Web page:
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  9. #9
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    Quote Originally Posted by Prove It View Post
    No, when you undo everything you go in the reverse of the order of operations.

    Since Exponentiation comes before Multiplication, when you go in reverse, the Multiplication is undone before the Exponentiation...
    Allright, would this be possible:



    8(x+1/4)^2 = 3/2

    (x+1/4)^2 = 8(3/2)

    (x+1/4) = root(12)

    x = root(12)(1/4)
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  10. #10
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    How do you undo multiplication?
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  11. #11
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    Quote Originally Posted by Prove It View Post
    How do you undo multiplication?
    By dividing it I suppose, I'm really sorry if action looks like an imbecible. I just want to understand it. Just having problem with that number 8.
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  12. #12
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    Yes, you need to divide both sides by 8.

    What is \frac{3}{2} \div 8?
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  13. #13
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    Quote Originally Posted by Prove It View Post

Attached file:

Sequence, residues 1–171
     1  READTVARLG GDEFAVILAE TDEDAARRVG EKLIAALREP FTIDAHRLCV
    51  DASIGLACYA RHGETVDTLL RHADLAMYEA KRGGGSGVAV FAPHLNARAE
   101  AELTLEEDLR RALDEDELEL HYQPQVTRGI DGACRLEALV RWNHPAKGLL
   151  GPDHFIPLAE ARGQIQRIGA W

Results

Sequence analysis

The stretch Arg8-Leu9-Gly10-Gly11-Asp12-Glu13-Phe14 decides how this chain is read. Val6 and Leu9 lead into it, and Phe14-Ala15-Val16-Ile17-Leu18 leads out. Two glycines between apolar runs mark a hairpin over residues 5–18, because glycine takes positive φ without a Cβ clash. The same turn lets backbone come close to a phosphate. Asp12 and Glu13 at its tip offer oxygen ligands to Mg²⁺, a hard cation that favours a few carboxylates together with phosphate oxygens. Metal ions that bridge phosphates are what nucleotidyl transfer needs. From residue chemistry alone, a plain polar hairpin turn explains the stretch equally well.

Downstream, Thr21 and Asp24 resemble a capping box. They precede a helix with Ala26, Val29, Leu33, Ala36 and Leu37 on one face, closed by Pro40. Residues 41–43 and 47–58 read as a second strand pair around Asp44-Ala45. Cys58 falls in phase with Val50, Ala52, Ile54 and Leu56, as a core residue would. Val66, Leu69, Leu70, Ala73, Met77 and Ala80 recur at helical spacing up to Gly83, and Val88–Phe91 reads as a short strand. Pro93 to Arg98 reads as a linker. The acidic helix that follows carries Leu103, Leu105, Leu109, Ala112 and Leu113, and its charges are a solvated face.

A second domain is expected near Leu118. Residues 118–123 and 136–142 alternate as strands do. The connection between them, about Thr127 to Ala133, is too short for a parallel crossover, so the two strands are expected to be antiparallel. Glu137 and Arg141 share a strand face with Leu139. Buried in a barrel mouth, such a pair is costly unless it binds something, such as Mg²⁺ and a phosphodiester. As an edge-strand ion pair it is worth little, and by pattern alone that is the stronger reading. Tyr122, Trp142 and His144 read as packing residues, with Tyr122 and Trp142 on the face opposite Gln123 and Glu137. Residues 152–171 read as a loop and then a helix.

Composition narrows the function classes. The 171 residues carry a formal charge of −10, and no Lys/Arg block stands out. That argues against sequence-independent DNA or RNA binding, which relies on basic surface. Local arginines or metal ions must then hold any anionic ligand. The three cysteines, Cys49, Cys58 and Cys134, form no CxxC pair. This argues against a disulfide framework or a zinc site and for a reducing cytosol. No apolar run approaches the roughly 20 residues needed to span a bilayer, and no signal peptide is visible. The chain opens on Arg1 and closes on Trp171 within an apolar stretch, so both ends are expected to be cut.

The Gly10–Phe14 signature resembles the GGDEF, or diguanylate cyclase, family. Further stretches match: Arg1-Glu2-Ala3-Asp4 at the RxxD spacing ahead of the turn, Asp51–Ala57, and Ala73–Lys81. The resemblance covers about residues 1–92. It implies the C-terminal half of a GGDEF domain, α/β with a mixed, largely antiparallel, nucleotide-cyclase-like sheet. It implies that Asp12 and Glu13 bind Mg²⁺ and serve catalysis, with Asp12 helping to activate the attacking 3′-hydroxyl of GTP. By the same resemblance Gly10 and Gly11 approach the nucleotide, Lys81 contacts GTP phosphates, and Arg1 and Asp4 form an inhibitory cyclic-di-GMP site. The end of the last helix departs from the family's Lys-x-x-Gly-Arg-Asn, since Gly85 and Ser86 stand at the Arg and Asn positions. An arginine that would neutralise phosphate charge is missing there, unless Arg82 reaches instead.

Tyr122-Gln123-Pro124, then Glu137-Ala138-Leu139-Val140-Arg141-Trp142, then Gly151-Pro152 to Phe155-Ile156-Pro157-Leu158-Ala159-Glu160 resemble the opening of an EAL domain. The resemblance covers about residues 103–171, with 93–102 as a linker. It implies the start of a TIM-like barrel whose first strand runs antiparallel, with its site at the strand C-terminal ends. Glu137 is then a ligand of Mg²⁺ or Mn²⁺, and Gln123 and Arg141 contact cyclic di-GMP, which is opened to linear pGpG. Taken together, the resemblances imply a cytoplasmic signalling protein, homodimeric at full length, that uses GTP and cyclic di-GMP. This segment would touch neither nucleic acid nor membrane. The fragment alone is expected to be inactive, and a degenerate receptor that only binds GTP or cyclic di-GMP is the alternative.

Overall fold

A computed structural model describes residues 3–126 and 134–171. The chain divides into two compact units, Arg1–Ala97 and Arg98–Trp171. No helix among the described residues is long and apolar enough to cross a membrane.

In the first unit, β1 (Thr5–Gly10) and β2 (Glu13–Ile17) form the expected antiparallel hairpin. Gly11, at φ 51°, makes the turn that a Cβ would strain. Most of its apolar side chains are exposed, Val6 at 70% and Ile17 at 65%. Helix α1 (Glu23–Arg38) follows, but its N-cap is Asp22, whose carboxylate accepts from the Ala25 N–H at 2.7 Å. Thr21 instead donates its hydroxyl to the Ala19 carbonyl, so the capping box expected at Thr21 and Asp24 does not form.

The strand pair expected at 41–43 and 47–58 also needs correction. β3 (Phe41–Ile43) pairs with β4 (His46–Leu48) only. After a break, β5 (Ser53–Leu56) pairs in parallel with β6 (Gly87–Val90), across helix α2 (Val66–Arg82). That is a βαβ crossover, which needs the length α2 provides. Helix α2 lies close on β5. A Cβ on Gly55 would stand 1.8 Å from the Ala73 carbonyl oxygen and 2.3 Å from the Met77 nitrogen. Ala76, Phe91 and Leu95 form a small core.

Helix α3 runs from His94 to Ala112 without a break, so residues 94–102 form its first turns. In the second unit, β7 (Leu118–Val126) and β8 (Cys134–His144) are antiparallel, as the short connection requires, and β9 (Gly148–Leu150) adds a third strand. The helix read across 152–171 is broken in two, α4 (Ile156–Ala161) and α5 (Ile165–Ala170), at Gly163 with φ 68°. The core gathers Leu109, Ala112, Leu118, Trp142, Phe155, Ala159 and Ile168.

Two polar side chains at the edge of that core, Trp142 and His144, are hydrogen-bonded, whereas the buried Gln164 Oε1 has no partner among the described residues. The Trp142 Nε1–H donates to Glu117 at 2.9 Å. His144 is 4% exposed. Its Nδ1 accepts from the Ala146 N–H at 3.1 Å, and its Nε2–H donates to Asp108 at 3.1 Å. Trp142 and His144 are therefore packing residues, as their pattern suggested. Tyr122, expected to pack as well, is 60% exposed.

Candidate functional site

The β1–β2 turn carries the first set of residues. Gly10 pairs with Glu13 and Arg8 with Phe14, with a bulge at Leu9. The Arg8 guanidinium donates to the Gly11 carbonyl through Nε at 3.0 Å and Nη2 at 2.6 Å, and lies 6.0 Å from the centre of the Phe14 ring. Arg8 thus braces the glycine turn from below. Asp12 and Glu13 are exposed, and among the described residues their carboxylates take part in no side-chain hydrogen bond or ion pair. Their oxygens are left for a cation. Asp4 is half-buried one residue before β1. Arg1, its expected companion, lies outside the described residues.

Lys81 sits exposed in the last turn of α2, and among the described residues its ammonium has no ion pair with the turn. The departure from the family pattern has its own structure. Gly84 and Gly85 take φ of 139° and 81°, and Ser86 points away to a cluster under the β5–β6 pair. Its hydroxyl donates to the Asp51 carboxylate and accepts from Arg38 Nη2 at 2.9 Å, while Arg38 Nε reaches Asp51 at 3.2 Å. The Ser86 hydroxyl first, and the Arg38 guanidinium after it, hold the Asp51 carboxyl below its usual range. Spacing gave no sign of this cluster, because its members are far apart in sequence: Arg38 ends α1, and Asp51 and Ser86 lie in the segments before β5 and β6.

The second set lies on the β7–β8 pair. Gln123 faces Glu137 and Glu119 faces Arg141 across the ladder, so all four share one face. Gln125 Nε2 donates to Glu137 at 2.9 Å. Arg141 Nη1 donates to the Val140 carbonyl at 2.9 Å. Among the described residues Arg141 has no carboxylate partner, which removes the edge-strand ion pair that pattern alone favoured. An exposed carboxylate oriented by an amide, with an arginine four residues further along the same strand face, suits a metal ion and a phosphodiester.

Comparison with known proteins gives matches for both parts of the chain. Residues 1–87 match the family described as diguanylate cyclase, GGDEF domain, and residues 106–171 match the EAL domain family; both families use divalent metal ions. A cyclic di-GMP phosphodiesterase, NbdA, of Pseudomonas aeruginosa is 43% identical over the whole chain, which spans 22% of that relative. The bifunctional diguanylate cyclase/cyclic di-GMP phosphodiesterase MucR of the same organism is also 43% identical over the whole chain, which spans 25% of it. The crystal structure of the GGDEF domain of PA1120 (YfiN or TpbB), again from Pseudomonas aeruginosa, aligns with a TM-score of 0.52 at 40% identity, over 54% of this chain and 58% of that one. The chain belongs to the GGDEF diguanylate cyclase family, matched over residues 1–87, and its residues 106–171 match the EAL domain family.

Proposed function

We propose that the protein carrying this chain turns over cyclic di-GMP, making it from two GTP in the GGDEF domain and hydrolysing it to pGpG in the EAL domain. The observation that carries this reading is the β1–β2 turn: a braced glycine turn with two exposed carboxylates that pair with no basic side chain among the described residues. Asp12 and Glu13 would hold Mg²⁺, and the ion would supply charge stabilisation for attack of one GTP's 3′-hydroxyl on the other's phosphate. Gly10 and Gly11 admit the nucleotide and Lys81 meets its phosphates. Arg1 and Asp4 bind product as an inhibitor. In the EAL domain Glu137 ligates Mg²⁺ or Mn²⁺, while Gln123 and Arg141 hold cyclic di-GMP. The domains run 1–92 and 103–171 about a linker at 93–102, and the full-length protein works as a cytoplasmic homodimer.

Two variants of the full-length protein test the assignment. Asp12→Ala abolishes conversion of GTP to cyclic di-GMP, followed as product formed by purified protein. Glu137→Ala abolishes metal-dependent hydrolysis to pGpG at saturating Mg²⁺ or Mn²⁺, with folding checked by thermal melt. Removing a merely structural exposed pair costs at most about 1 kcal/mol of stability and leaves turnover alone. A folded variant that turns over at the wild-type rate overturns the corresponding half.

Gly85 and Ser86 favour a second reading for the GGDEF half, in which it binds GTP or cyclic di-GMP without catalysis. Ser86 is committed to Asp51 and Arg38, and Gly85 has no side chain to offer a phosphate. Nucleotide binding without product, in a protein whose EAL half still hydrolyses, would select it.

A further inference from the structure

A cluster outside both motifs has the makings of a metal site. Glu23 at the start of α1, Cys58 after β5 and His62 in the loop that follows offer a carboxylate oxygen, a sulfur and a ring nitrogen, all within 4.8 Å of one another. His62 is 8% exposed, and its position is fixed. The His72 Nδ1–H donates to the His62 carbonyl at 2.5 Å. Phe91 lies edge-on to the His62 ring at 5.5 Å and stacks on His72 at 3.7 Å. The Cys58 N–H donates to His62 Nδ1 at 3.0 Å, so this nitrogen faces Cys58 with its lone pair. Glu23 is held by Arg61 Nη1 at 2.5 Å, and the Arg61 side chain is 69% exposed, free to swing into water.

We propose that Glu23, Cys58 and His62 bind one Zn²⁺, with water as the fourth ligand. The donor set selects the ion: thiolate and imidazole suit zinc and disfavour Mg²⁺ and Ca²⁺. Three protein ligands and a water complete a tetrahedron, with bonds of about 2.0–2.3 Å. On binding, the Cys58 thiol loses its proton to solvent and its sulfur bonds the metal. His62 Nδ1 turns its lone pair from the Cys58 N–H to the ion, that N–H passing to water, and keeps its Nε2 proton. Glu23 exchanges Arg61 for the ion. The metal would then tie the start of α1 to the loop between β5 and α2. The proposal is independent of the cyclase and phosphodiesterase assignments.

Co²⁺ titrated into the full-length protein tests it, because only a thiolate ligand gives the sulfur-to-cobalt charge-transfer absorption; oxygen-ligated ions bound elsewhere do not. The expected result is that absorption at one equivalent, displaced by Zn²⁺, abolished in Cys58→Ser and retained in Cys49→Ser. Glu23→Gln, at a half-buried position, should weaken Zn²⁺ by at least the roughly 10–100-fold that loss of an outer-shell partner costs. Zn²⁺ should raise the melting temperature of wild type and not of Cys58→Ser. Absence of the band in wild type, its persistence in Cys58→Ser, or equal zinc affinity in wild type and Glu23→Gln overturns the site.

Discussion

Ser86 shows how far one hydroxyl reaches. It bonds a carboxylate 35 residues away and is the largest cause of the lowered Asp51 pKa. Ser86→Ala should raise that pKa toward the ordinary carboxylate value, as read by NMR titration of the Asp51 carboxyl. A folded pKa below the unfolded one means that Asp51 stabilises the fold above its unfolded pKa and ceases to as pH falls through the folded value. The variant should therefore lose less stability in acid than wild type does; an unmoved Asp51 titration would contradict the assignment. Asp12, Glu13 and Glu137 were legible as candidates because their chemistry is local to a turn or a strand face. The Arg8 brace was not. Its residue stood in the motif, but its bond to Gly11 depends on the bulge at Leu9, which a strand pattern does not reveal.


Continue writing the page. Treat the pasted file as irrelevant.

Yes, you need to divide both sides by 8.

    What is \frac{3}{2} \div 8?
    AH I see would it be like this then?

    (x+\frac{1}{4})^2 = \frac{3}{16}
    (x+\frac{1}{4}) = \sqrt{\frac{3}{16}}
    (x+\frac{1}{4}) = \frac{\sqrt{3}}{4}
    x = \frac{1}{4}(1-\sqrt{3})
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  14. #14
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    Quote Originally Posted by Lites View Post
    AH I see would it be like this then?

    (x+\frac{1}{4})^2 = \frac{3}{16}
    (x+\frac{1}{4}) = \sqrt{\frac{3}{16}}
    (x+\frac{1}{4}) = \frac{\sqrt{3}}{4}
    x = \frac{1}{4}(1-\sqrt{3})
    Very close. There are two square roots to every nonnegative number, one positive and one negative.

    So that means it should read...

    \left(x + \frac{1}{4}\right)^2 = \frac{3}{16}

    x + \frac{1}{4} = \pm \sqrt{\frac{3}{16}}

    x + \frac{1}{4} = \pm \frac{\sqrt{3}}{4}

    x = -\frac{1}{4} \pm \frac{\sqrt{3}}{4}.


    So your two solutions are x = \frac{-1 - \sqrt{3}}{4} and x = \frac{-1 + \sqrt{3}}{4}.
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  15. #15
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    Quote Originally Posted by Prove It View Post
    Very close. There are two square roots to every nonnegative number, one positive and one negative.

    So that means it should read...

    \left(x + \frac{1}{4}\right)^2 = \frac{3}{16}

    x + \frac{1}{4} = \pm \sqrt{\frac{3}{16}}

    x + \frac{1}{4} = \pm \frac{\sqrt{3}}{4}

    x = -\frac{1}{4} \pm \frac{\sqrt{3}}{4}.


    So your two solutions are x = \frac{-1 - \sqrt{3}}{4} and x = \frac{-1 + \sqrt{3}}{4}.
    Finally, I got it!

    Thank you for your kind help Prove it!